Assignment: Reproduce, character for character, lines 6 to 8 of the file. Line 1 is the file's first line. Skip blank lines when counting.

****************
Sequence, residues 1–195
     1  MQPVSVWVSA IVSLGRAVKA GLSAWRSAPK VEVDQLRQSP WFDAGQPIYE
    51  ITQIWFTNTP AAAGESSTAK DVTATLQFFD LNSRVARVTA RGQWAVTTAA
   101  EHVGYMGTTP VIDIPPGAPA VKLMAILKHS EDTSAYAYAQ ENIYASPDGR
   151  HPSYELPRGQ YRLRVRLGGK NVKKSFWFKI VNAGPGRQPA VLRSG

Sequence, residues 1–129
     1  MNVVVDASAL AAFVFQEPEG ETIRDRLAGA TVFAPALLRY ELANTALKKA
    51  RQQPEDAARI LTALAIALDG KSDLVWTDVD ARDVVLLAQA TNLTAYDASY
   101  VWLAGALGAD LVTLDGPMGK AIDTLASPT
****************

Sequence, residues 1–129
     1  MNVVVDASAL AAFVFQEPEG ETIRDRLAGA TVFAPALLRY ELANTALKKA
    51  RQQPEDAARI LTALAIALDG KSDLVWTDVD ARDVVLLAQA TNLTAYDASY